Ooh absolutely nothing specific, abject contradiction, eccentricity, style and defiance are indefinable..I guess if I had to conjure an image it would be of a well dressed man, with pink socks and a sun parasol, sitting in a deck chair in a drizzly field, reading The Tao of Pooh (hiding a copy of The Sun), with a large glass of Ribena (sugar free) and a busy motorway whirring in the background, oh and some Paul McKenna on the iPod.

Why did you decide to work with FiveGoMad?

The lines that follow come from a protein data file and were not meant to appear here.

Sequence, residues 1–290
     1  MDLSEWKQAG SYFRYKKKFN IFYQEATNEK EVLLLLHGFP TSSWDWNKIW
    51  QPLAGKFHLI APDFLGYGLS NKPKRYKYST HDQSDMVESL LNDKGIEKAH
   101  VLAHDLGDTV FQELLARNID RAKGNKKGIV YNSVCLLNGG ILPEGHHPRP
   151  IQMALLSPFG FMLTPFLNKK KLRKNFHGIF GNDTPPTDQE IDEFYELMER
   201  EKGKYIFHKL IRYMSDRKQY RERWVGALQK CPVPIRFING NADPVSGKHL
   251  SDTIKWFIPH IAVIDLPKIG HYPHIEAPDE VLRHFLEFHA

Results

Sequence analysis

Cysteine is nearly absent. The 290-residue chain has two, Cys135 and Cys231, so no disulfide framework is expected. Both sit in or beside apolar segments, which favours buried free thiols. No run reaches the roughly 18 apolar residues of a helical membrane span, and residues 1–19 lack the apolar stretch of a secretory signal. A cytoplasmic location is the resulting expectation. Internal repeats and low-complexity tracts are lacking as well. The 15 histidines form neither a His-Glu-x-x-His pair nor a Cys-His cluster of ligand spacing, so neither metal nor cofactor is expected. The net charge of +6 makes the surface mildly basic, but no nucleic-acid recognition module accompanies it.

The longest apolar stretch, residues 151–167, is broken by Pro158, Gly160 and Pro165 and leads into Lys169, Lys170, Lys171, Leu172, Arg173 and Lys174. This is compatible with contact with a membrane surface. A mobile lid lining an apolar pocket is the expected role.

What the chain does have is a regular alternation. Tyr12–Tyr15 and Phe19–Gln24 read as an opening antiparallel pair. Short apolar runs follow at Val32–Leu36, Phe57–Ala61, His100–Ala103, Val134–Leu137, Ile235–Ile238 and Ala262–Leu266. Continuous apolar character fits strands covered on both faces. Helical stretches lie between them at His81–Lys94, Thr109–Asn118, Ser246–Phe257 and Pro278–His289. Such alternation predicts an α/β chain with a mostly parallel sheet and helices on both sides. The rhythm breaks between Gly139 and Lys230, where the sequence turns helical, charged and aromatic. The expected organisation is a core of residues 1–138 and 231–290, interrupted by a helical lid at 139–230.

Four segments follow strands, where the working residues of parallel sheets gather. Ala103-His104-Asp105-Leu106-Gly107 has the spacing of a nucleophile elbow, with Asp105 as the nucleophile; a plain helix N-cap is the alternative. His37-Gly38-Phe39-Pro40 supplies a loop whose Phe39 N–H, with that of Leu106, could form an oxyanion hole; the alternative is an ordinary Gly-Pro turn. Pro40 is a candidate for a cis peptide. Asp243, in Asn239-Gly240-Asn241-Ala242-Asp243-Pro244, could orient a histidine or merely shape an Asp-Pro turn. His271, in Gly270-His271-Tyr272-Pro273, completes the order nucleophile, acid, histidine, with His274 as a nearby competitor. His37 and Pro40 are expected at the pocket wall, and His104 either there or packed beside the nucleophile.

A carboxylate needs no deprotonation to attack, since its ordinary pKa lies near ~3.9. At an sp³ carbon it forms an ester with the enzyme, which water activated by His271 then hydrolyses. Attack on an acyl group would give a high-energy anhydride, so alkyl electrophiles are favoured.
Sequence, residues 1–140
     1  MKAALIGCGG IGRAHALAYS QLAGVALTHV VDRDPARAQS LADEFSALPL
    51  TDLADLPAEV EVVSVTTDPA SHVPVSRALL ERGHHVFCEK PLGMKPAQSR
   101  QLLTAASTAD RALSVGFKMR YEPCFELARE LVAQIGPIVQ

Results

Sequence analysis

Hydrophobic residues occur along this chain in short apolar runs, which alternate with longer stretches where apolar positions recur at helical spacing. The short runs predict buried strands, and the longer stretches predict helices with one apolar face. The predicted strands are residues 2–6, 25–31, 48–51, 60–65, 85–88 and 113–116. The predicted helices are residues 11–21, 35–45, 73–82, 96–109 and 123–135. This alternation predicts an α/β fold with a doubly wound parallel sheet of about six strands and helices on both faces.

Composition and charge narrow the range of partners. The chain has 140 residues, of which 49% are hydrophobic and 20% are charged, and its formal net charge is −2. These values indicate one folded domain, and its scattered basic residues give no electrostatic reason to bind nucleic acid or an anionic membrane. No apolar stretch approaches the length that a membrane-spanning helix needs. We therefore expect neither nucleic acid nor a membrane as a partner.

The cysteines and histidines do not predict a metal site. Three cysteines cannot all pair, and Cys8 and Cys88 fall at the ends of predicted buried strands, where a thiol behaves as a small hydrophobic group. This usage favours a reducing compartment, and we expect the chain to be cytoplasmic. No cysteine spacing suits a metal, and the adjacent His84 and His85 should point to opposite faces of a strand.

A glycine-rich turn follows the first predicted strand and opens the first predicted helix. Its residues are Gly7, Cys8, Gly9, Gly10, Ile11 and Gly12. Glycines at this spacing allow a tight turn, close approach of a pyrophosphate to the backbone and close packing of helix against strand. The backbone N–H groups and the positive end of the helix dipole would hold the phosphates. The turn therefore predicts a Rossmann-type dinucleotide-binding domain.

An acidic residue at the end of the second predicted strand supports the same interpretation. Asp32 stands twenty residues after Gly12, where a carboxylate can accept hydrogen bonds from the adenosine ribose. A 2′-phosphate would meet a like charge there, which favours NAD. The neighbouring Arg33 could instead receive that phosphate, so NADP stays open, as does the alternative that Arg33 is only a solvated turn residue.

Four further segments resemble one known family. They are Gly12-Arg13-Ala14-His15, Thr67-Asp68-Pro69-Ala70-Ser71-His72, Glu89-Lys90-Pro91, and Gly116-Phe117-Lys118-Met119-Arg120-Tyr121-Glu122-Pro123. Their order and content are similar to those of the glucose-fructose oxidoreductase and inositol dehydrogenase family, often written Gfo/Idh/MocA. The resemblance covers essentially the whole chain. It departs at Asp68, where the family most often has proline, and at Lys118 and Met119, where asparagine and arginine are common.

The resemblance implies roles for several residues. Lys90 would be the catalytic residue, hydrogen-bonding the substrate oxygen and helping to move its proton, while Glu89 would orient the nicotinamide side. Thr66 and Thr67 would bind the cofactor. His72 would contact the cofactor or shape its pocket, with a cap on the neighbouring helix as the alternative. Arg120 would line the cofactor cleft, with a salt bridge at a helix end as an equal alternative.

I like their style, there’s a lot to be said for this ‘shop local’ vibe we’re on at present, and it’s great to know there are places people can shop for interesting wares, which are all made relatively close to home.

What's next for Beware the Moon? 
Hm, world domination via the downstairs loo? or possibly just another cup of tea.

Liz Appleby